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Week In Politics: Liz Cheney May Be Ousted Over Trump Criticism

SCOTT SIMON, HOST:

Representative Liz Cheney's days in the Republican House leadership may be numbered. She could face a vote this coming week because she refused to give voice to or go along with the fallacy that former President Donald Trump won the 2020 elections. NPR senior editor and correspondent Ron Elving joins us. Ron, thanks so much for being with us.

RON ELVING, BYLINE: Good to be with you, Scott.

SIMON: How do we explain that a prominent conservative may be about to get the boot because she just tells the truth about an utterly verifiable fact?

ELVING: Not sure that can be explained, at least not easily, but that's the way things are right now in the House Republican Conference. Either you embrace what's being called the big lie, or you keep quiet about it. And Liz Cheney has refused to do either one. Let's remember that as chair of the House Republican Conference, No. 3 in the party hierarchy, her job is largely to be a message person. And this is not the message the rest of the House Republican leaders want to hear or the guy at Mar-a-Lago, for that matter. So look. They gave her a pass for voting for impeachment a few months ago. There was a vote to remove her in the House Republican caucus. They did it on a secret ballot, and she beat that move 146-to-61. But that was then - seems she may have been on double-secret probation since then. The leadership is tired of taking questions about her, and they've got the votes to remove her this time.

SIMON: Ever seen anything like this?

ELVING: It's hard to think of an analogy in recent history, at least. We have seen people pushed out of leadership in both parties. That's not that unusual. But this isn't a typical scandal over money or misstatements or sex or some other kind of behavior. This is the leadership ejecting the only woman member of the leadership because she refuses to parrot a line that is a lie, and she uses that word and refuses to be politic about it. And there just isn't much alternative to Trump loyalty right now in the Republican Party. The leaders know there isn't a national passion for Mitch McConnell or Kevin McCarthy, especially not among the voters who still really like Trump.

SIMON: At the same time, Democrats can't get all of their members to vote for key items in President Biden's agenda. What's the lineup on that side?

ELVING: Internal party struggles are the order of the day. On the Democratic side, it's the familiar figure of West Virginia Senator Joe Manchin, who keeps talking about all the parts of the Biden menu he can't swallow, including the procedural moves that might make it all possible, like limiting the filibuster or just killing it. Now, Manchin's state is one of the state's most loyal to Trump. We all know that. And, of course, Manchin knows that.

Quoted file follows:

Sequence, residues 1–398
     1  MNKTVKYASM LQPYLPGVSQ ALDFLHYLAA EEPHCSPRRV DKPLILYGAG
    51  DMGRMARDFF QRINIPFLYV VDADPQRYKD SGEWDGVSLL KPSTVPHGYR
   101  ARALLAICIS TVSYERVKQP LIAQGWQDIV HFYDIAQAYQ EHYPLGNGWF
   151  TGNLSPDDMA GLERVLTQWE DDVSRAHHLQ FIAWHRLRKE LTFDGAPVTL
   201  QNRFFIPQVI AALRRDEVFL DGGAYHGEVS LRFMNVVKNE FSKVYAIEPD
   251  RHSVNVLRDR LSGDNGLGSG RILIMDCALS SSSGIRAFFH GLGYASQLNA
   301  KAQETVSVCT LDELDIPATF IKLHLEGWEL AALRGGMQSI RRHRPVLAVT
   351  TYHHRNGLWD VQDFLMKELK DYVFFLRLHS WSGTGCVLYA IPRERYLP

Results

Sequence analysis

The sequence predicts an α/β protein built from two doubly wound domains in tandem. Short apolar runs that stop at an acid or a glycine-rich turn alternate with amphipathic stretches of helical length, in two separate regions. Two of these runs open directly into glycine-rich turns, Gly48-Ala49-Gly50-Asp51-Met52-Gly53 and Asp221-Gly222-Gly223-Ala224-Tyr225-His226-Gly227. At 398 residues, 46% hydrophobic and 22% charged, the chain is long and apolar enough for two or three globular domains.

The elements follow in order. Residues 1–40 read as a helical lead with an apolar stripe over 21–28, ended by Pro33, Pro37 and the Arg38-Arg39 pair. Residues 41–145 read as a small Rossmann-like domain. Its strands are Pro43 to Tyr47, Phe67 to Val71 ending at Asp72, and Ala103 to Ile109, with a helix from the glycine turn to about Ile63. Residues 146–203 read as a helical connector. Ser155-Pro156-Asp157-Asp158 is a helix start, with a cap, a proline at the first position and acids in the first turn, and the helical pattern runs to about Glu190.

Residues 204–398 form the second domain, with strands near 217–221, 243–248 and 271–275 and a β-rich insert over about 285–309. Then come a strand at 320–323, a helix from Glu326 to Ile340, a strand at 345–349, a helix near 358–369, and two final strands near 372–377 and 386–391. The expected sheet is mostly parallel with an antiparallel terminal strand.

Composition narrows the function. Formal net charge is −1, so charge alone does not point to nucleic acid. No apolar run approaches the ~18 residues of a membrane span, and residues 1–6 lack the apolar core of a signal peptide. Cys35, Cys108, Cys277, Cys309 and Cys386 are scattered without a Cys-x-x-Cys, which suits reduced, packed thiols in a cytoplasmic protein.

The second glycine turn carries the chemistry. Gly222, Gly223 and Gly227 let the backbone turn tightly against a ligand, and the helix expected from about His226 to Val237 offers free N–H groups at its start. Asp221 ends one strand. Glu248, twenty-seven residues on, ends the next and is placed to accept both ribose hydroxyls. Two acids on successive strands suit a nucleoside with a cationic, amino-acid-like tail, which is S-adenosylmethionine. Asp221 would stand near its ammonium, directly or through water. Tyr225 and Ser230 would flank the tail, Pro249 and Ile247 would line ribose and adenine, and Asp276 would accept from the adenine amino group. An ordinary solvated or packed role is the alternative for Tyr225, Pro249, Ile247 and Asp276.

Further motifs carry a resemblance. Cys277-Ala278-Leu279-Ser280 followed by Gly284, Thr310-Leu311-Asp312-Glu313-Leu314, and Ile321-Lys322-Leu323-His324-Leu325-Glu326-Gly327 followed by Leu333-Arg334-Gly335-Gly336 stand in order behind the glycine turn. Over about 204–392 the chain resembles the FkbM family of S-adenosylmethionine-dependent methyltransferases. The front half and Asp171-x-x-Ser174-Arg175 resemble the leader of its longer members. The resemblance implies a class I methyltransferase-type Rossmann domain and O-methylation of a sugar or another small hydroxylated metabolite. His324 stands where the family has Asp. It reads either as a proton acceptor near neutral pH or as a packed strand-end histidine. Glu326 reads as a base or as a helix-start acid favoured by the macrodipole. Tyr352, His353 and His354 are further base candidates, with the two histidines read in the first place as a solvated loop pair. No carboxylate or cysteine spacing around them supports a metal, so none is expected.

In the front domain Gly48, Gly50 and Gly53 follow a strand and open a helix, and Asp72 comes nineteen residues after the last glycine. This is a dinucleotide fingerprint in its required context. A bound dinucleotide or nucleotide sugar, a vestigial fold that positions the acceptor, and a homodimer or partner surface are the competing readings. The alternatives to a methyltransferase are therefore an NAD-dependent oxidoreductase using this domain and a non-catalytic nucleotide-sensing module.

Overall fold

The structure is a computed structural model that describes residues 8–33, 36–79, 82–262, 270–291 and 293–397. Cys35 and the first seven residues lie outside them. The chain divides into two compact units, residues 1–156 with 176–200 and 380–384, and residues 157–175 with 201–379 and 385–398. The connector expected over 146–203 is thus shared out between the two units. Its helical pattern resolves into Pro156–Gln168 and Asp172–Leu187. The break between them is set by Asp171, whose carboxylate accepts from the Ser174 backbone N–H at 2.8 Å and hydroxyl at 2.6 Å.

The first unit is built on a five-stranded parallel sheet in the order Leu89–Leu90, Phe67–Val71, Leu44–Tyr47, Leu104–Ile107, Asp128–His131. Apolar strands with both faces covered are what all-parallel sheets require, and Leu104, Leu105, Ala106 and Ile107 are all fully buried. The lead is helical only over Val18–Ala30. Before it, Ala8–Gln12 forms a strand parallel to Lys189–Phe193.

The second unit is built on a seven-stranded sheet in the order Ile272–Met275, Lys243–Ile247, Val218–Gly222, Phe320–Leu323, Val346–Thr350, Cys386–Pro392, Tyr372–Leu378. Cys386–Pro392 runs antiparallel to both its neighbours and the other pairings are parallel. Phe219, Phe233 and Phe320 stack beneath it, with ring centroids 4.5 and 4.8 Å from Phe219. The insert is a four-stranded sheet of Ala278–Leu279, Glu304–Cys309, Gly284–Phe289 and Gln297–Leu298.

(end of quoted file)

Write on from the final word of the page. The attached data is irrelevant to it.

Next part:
SIMON: The items in President Biden's agenda, of course, include money in the infrastructure bill for jobs. And the president says the need for that is underscored even more after yesterday's very disappointing jobs numbers.

ELVING: That's right. Instead of a million new jobs in April, as the economists promised us, we apparently only got about a quarter of that. And, of course, no one wants to say they like a weaker jobs number. But the stock market still went up because they see it as easing inflation pressure. And Biden got to say it was more evidence we need more trillion-dollar spending programs.

SIMON: This week, Facebook's oversight board announced that it won't make policy for that behemoth of a social media platform when it comes to decide whether or not they will let president - former President Trump back on it. What does this mean for Donald Trump in Mar-a-Lago?

ELVING: He says that he's going to have his own social media platform - don't really see him as the next Mark Zuckerberg. But for now, he wants to get something to put in place of Facebook. It's a big stage where he's been able to raise money and sell his view of the world - not the only stage but certainly the biggest. So all week, we've been hearing about this new social media platform. And so far, what's there looks more like a blog - not quite Facebook or Twitter, at least not yet.

SIMON: NPR's senior editor and correspondent Ron Elving, thanks so much.

ELVING: Thank you, Scott. Transcript provided by NPR, Copyright NPR.

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